It is NOT normal for teenagers to watch pornography with adults, parents or any adult who is in a position of authority. Teens who are highly sexually active may have been abused or are in trouble, especially if they are younger than 15. Normal sexual adolescent behavior does not include having sex for money or goods, taking pornographic pictures, routine usage of pornography, or "dating" an adult who is more than 10 years older than the teen, if age 16 or older. It is also not normal for a teen to watch others having sex. This is peeping, which is also illegal and a sex crime, although some kids to peep and it is experimental. The problem is, peeping and making obscene phone calls can be warning signs that a teen is in trouble and may go on to more serious sex crimes. If a teen has a sexual addiction, then peeping can a serious warning sign that the teen is fantasizing about darker sexual behaviors. Teens who make obscene phone calls, peep, masturbate regularly to pornography, especially hard core pornography need evaluation for more serious sexual problems. It is also not normal for an adolescent to have a fetish, such as stealing other people's underwear and using it to masturbate. It is NOT normal for a teen to have sexual fantasies that involve the use violence.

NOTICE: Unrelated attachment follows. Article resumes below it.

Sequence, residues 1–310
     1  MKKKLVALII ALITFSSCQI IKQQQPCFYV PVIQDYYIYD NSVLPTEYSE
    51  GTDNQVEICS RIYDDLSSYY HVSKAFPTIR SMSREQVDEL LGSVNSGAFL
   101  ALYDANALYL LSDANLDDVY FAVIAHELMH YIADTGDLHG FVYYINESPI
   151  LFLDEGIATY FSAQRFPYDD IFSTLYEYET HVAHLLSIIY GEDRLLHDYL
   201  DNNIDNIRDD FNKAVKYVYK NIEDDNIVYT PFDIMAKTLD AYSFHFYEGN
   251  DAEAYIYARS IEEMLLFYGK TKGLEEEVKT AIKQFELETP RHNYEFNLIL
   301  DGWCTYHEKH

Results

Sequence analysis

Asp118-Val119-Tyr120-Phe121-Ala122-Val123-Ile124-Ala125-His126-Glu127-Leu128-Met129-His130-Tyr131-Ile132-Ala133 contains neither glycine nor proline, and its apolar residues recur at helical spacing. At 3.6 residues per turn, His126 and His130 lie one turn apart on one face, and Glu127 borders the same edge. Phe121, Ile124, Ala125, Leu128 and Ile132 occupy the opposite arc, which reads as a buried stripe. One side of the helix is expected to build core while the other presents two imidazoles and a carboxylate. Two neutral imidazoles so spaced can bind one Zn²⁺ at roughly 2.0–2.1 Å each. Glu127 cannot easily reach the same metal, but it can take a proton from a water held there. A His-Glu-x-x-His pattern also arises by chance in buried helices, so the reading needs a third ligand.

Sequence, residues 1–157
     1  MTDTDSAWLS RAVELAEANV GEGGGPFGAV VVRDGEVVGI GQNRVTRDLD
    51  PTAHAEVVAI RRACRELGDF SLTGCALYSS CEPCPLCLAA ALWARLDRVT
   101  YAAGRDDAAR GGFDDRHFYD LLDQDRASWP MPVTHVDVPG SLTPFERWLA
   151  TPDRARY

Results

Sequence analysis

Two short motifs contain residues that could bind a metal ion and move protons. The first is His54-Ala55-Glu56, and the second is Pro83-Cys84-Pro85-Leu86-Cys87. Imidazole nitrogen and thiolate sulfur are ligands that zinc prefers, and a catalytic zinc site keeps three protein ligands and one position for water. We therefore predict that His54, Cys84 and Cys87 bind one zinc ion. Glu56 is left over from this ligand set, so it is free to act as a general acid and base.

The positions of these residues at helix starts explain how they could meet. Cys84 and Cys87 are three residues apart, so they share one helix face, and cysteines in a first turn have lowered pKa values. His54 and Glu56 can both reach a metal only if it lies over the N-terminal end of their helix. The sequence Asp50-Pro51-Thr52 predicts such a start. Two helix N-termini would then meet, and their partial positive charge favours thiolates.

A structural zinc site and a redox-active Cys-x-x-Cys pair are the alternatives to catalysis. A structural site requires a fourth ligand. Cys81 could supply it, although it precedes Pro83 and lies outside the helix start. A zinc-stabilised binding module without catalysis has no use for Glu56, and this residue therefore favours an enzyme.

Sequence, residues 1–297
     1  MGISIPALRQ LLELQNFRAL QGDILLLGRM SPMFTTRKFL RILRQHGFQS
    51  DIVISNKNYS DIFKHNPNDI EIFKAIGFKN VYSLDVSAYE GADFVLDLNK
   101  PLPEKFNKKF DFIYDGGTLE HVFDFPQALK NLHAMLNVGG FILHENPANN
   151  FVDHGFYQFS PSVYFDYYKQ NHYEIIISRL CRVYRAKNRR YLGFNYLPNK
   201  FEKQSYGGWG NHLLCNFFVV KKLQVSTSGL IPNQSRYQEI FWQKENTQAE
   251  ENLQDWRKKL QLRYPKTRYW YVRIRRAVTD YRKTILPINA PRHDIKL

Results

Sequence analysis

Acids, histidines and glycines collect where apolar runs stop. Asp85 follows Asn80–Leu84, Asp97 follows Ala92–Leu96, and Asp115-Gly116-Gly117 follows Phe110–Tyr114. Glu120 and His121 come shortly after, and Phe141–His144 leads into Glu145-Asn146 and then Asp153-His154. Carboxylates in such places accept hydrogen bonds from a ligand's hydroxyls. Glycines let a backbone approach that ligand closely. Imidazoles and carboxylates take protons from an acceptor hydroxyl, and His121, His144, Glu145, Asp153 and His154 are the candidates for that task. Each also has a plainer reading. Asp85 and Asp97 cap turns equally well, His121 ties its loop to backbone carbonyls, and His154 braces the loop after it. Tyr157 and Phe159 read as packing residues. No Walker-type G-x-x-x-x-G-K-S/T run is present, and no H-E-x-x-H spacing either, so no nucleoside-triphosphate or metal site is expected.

Neglect is a form of abuse that is made up of being denied your basic necessities, such as medical care, clothing, food, shelter, education, etc. It is illegal for a parent to keep you out of school and not provide you with home schooling. Home schooling must be approved by your local school district and meet the criteria set by them. If you are ill, it is your parent's responsibility to help you get medical care. A parent cannot lock you in a dark basement for punishment, nor can they lock you in a room for hours at a time. Denying you access to food, clean clothing, and your basic needs is a form of severe abuse. This is the number one reason why children are removed from the care of their families. A parent also should not deny you friends. Parents can restrict the friends who they let you see, but denying social opportunities is a form of neglect. Making children work who are under the age of 15 is also considered abuse. This is relative however. Parents who have their children help at the office is a good way of teaching children responsibility, but a parent who has a child work 40 hours per week or engage in hard labor that is beyond the child's normal capacity is abuse and illegal.